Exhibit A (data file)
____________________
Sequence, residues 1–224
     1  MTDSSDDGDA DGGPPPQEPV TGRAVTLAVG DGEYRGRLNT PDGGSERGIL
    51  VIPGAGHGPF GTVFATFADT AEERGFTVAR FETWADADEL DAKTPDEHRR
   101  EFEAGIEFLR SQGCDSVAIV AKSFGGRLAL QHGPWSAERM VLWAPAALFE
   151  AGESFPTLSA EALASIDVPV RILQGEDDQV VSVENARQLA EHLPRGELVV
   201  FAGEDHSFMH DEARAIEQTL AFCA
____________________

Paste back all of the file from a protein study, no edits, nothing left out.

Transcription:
Sequence, residues 1–224
     1  MTDSSDDGDA DGGPPPQEPV TGRAVTLAVG DGEYRGRLNT PDGGSERGIL
    51  VIPGAGHGPF GTVFATFADT AEERGFTVAR FETWADADEL DAKTPDEHRR
   101  EFEAGIEFLR SQGCDSVAIV AKSFGGRLAL QHGPWSAERM VLWAPAALFE
   151  AGESFPTLSA EALASIDVPV RILQGEDDQV VSVENARQLA EHLPRGELVV
   201  FAGEDHSFMH DEARAIEQTL AFCA